Female, early 20s, single

What does romantic love mean to you?

Romantic love, as opposed to platonic love, involves sexual interest and pertains to one’s spouse or potential spouse.

What is the difference between platonic love and romantic love?

Platonic love is not sexual. Platonic love is, I think, often sexualized and/or mistaken for romantic love (e.g.: when someone has a genuine respect, affection, and concern for the well-being of another but is not sexually attracted to them), but they are not the same thing. Platonic love can turn into romantic love, especially among women, who tend to take more time to warm up to the idea of being with someone than our male counterparts.

Why do you (or we, if you don’t) seek love?

We are unbreakably social creatures. We can be twisted, abused, or tormented, but at some level we will still want relationship with others. We are made that way.

Is there one perfect person out there for you, or can you, through selfless loving, have a great relationship with someone very special?

I think that the concept of having a “soul mate” is silly. We’re too selfish as people to love (read: enjoy and want be be around) one person for the rest of forever, even when they annoy the crap out of us, wound us deeply, or become less attractive in some way. There are certain deep sorts of bonds, though, which can feel timeless and which are refined, fortified, and preserved, I think, by loving (read: selflessly serving, communicating with, being in honest relationship with) the other person(s)–spouse, friend, family member, or otherwise.

Should, and do, men pursue women that they are interested in? Should women pursue?

This is an area of some cognitive dissonance for me. On the one hand, I am an assertive, confident woman with a life to live. And I intend to live it, whether a godly man wants to come along for the ride or not. I don’t like playing head games with people, and I would prefer that we were all a bit more straightforward with one another, male or female, romantic subject matter or otherwise. I see these all as good qualities. However, on the other hand, while moral considerations in these matters are the same for men and women (honesty, selflessness, etc.), perhaps roles are not. So the complementarianism that surrounds me says. Men chase; women are chased. Men admire; women are admired. Men initiate; women respond. I feel trapped at the thought of having to just play dumb and wait it out while some great guy with potential remains totally oblivious to my interest in him; on the other hand, I really do feel genuinely… appreciated and protected when men whose character I trust act chivalrously toward me. Even something as simple as my classmate’s insistence on holding the door for all of us ladies I find touching.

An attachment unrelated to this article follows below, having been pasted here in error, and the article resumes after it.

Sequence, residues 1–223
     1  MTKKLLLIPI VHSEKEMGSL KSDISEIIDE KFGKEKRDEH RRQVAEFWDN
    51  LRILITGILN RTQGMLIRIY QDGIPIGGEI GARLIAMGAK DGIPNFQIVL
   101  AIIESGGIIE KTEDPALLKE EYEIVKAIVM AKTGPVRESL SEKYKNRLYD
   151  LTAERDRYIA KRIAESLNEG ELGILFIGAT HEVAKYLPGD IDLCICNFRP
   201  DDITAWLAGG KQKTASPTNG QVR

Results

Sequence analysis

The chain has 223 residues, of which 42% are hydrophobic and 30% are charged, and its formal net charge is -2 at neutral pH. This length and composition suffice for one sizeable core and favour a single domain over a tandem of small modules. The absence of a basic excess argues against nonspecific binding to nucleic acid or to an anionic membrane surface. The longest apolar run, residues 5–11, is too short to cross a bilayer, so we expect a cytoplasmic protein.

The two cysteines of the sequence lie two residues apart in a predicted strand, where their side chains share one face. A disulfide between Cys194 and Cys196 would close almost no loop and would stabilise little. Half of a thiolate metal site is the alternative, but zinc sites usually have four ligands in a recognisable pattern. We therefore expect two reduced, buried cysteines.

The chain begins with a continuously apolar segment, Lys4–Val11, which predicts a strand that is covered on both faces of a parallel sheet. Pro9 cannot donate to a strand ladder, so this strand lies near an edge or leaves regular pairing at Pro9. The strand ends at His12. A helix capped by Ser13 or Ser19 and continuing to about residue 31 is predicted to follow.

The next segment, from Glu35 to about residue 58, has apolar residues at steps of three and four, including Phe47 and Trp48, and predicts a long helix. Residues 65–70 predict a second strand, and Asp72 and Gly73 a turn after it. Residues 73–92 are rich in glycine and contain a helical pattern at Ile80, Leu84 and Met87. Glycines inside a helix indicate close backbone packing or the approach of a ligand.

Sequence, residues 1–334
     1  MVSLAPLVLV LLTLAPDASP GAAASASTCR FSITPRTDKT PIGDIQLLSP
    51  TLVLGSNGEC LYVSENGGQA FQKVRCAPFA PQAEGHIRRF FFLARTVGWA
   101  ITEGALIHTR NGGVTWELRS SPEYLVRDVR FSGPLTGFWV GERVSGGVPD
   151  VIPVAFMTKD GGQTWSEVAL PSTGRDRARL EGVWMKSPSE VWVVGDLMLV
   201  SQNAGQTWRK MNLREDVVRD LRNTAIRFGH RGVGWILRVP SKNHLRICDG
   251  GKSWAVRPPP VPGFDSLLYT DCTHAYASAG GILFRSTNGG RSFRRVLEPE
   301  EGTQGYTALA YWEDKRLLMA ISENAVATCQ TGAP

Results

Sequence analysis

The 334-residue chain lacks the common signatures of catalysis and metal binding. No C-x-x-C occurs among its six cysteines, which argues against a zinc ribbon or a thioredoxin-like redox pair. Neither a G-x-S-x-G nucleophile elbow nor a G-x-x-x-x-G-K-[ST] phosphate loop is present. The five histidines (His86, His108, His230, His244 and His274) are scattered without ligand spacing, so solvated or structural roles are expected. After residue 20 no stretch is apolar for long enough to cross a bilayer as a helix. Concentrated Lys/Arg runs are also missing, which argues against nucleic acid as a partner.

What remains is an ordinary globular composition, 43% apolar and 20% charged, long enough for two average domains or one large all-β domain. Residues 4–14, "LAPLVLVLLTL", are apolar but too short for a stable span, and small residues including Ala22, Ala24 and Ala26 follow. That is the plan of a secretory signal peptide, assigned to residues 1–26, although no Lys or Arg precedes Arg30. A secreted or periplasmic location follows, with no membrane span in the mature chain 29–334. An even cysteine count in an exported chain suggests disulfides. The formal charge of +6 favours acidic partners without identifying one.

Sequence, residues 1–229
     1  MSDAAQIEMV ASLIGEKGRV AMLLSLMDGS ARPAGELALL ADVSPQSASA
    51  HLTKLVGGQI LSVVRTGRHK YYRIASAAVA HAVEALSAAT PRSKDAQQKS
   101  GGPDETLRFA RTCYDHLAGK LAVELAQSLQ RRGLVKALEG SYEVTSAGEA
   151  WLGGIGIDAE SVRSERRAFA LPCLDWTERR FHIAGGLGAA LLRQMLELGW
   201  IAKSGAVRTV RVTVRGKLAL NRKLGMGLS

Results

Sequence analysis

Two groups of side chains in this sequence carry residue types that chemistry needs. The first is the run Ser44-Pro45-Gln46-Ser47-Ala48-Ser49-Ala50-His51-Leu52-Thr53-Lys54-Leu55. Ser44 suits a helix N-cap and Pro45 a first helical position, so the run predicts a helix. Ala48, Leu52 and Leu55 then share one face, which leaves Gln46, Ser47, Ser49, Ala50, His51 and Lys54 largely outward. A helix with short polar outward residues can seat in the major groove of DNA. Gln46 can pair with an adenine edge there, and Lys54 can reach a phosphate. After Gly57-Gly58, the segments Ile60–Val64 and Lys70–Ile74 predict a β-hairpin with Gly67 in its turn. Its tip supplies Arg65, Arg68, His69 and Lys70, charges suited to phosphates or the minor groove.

If you are in a relationship (especially if you are married), how did you know that was the person for you? If not, have you ever been in love, and how did you know?

I have been almost-engaged twice, but I don’t know that I would call either of those “in love” because I’m not sure I know what being “in love” really is to me. I cared about both guys, but I came to believe that the first was an unwise choice for a spouse at that time, and the second came to believe that I was an unwise choice for a spouse at that time. I did feel totally comfortable with the second guy in every way: I trusted his character; I trusted his leadership; I appreciated his conversation and the ways that he appreciated and protected me; and for all of those reasons, I would have said “yes” without hesitation if he had come to a different decision for himself. C’est la vie.

How do you stay in love, or make it last?

Heat two years of attraction and friendship in a set of lasting memories; stir in several spoonfuls each of affection, compassion, honesty, and trustworthiness; top with a HEAPING dose of unending forgiveness; garnish with some finely ground humility. Voila! Serve warm.

What do you love best about the opposite sex, and what do you dislike the most about them?

I don’t like to admit to many things that make me feel terribly girly, but I will say that it makes me feel like a woman (in the best sense) when men are protective of me and concerned for my safety and general well-being. While my trust issues might want to say, “I can do it myself” (Read: “Feeling dependent upon you is a little too vulnerable for where I’m at right now”), inside I go “AWWWWW” when a guy I trust insists on giving me a ride home rather than letting me take the bus at night, or sits me down and makes me cough up what’s wrong emotionally when I feel overwhelmed but don’t want to admit it.

I think what I least appreciate about the men I have been around, generally, is the unwillingness to commit. I am coming to a fuller appreciation for those who take their time out of genuine carefulness and desire to make good choices, but there is a certain level of “if I stay single, I can do what I want and not think about future responsibilities” that leaves a lot of girls feeling “on the shelf” for a long time. (Not to say that there aren’t any women with this attitude, I’ve just seen it more in men in the circles that I run in.)

What advice would you give? Love related, but anything at all to anyone at all.

The standards that we have for mates/potential mates tend to be qualities that we admire in people, generally, and that we want to see in ourselves. Strive to emulate the person that you want to marry, whether you have met them and/or married them yet or not, and, if you haven’t, you will attract that kind of person. Also, hold on to the good memories, especially the early ones. Create an oral tradition for yourselves. I think that this fuels a lot of life.

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